Millions of euros are being wasted by the aggregates industry every year because the conveyor belts they are using are wearing out much faster than they should be doing. The biggest single cause is that the rubber is of insufficient quality and provides inadequate resistance to the abrasive actions of the materials it is carrying. But there is more to it than that. Here, conveyor belt specialist Leslie David looks at the question of abrasion-resistant belting and provides some helpful advice on how to reduce costs by selecting belts that provide a much longer and cost-effective working lifetime.
It’s all about the quality
The wear-resistant quality of the outer covers of a conveyor belt is the biggest single influence on the working life of the belt and consequently its ‘whole life’ economic cost. The rubber used for the outer covers usually constitutes at least 70% of the overall thickness of both multi-ply and steel cord belts. This makes the cost rubber the single biggest element of cost when manufacturing a conveyor belt. Consequently, it is, therefore, the single most significant opportunity for manufacturers to minimise costs and to compete for orders based on price rather than quality and performance. From the buyer’s point of view, although the price of a belt may be 30% lower than other offers, if it wears out 50% faster than the apparently higher-priced version, then it really is not such a bargain after all.
Two of the most common methods used to minimise rubber costs are using recycled rubber, usually of highly questionable origin, within the mix and the use of cheap ‘bulking’ fillers such as chalk to replace part of the rubber polymers in the rubber compound. There are a great many different types of rubber compound used because modern-day belts have to deal with a multitude of different (and often combined) demands. Because of its adaptability, most of the rubber used in conveyor belting is synthetic. Hundreds of different chemical components and substances are needed to create these synthetic rubber compounds that, once vulcanised, are able to meet the specific physical performance and safety requirements.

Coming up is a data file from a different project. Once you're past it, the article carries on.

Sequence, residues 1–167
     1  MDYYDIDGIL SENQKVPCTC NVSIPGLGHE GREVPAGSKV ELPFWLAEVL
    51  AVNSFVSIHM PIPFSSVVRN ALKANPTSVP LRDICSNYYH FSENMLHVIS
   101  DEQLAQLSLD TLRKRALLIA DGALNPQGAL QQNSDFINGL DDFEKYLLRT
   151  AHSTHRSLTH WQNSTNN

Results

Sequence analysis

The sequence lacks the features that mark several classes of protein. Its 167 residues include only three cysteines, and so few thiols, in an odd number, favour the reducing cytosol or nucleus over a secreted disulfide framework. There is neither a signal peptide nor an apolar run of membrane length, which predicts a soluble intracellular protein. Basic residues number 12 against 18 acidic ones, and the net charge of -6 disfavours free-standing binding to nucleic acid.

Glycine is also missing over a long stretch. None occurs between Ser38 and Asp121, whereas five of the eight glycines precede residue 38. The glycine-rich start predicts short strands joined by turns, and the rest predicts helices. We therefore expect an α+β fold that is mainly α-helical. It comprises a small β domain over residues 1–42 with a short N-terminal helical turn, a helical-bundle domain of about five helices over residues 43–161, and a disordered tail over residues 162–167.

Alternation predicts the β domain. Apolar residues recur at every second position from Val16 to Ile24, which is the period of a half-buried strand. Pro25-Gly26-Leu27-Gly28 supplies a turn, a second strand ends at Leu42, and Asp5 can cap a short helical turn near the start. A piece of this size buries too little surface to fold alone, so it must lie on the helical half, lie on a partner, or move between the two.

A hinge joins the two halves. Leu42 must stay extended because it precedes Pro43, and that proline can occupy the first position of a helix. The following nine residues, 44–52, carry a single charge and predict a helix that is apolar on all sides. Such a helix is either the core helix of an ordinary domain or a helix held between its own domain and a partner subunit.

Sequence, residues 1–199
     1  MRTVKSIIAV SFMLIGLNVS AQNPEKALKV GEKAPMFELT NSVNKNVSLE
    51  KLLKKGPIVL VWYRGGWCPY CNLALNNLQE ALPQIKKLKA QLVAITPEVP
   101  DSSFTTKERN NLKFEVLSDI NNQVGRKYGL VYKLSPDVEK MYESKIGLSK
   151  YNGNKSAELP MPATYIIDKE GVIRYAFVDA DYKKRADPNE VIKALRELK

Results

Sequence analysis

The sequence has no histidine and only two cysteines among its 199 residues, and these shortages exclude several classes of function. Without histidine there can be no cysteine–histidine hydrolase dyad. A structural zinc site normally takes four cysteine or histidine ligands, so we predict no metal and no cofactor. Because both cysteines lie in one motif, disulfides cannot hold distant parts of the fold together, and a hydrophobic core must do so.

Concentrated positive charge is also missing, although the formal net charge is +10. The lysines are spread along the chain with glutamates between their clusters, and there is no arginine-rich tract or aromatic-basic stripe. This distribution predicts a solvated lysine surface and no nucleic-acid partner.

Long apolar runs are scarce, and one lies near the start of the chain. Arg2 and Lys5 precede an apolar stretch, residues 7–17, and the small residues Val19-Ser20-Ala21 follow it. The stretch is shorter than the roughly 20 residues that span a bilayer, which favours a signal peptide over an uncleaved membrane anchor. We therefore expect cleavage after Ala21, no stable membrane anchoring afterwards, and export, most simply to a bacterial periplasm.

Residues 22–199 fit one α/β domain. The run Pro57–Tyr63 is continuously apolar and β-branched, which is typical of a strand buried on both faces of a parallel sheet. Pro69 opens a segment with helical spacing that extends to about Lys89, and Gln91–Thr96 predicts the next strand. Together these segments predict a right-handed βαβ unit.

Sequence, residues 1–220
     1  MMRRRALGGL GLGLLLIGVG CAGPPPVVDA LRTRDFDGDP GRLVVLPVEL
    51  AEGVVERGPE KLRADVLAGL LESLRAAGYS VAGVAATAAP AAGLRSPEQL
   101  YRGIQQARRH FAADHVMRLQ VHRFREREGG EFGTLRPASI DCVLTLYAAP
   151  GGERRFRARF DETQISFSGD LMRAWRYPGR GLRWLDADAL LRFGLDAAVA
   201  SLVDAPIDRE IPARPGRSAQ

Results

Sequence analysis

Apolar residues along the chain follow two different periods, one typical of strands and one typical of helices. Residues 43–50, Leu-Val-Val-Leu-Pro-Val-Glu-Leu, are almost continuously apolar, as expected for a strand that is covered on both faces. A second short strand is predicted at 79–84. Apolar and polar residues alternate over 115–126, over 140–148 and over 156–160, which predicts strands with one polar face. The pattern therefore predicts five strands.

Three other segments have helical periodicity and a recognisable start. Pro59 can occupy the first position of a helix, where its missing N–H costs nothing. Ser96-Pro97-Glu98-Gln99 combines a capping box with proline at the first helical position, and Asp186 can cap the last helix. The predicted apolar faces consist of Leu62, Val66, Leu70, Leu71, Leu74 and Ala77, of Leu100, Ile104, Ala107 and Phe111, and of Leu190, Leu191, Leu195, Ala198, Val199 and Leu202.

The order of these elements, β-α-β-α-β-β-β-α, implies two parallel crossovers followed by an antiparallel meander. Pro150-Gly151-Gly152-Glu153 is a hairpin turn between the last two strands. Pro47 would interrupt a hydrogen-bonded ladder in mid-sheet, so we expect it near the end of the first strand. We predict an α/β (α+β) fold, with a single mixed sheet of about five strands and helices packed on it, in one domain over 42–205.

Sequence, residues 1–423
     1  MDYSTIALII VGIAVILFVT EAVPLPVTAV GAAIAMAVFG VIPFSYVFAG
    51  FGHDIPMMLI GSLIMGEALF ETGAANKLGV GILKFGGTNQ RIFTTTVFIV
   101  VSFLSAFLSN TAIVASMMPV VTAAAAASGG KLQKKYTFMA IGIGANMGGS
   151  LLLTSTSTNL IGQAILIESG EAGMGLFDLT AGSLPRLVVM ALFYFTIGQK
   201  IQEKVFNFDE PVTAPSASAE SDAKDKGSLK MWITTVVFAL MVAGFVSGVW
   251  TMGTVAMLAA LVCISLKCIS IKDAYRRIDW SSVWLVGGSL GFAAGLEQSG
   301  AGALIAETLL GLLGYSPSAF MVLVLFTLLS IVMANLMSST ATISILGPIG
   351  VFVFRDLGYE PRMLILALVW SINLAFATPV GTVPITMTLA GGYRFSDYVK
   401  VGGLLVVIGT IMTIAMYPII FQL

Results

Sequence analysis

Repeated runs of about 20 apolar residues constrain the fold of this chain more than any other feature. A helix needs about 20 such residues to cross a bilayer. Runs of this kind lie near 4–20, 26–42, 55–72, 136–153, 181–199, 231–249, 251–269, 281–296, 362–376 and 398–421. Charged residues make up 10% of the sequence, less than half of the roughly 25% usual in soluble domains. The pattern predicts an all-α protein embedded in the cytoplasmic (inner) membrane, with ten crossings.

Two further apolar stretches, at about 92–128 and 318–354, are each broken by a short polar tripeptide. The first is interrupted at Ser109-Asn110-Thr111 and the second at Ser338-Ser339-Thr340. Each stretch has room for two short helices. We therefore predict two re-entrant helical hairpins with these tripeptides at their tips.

Yet another corner-cutting method employed by manufacturers of ‘economy’ belting is the use of a low grade, cheap form of carbon black created by burning used car tyres. Some 20% of the rubber compound is made up of carbon black, so it has a notable impact on cost. Good quality carbon black is created by a process of burning oil in a highly controlled, low oxygen environment so that combustion is incomplete. Burning used car tyres not only pollutes the atmosphere it also means that the carbon black it creates contains the potentially harmful chemicals previously contained in the tyres that will go on to form part of the conveyor belt.
Different kinds of wear and tear
It is a common misconception that a belt specified by a supplier as being ‘abrasion resistant’ should naturally be expected not to wear quickly. Different causes of wear and abrasion require different kinds of abrasion resistant covers. For example, belts that transport heavy and/or sharp objects such as rocks, timber or glass that cause cutting and gouging of the belt surface need different resistance properties compared to belts carrying ‘fine’ materials such as aggregate, sand and gravel, which literally act like a piece of coarse sandpaper that is constantly scouring the rubber cover.